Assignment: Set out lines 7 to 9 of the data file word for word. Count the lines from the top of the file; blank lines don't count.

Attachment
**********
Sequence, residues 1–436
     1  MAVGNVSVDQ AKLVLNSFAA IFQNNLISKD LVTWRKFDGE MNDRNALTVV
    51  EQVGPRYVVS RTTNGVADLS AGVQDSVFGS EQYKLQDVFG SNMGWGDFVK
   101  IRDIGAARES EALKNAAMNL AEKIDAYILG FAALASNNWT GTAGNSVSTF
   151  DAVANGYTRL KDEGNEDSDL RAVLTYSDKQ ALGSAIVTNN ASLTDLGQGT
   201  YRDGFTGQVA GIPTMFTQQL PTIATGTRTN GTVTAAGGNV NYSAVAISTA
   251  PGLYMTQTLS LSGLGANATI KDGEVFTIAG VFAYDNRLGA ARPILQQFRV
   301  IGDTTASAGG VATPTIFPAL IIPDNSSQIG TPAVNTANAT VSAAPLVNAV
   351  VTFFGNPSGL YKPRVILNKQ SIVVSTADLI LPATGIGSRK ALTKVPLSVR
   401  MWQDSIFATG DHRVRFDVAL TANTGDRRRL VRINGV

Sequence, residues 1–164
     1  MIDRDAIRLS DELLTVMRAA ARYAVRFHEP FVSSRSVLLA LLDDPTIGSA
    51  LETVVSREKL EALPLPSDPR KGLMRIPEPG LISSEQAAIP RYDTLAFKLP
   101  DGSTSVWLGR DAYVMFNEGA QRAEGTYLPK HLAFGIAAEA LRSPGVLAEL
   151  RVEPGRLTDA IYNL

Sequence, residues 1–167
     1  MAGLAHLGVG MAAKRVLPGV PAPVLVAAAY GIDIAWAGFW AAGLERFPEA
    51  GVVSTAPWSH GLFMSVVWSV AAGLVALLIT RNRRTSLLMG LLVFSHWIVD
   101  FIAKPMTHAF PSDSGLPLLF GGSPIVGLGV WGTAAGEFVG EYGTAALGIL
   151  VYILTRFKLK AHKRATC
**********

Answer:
   251  PGLYMTQTLS LSGLGANATI KDGEVFTIAG VFAYDNRLGA ARPILQQFRV
   301  IGDTTASAGG VATPTIFPAL IIPDNSSQIG TPAVNTANAT VSAAPLVNAV
   351  VTFFGNPSGL YKPRVILNKQ SIVVSTADLI LPATGIGSRK ALTKVPLSVR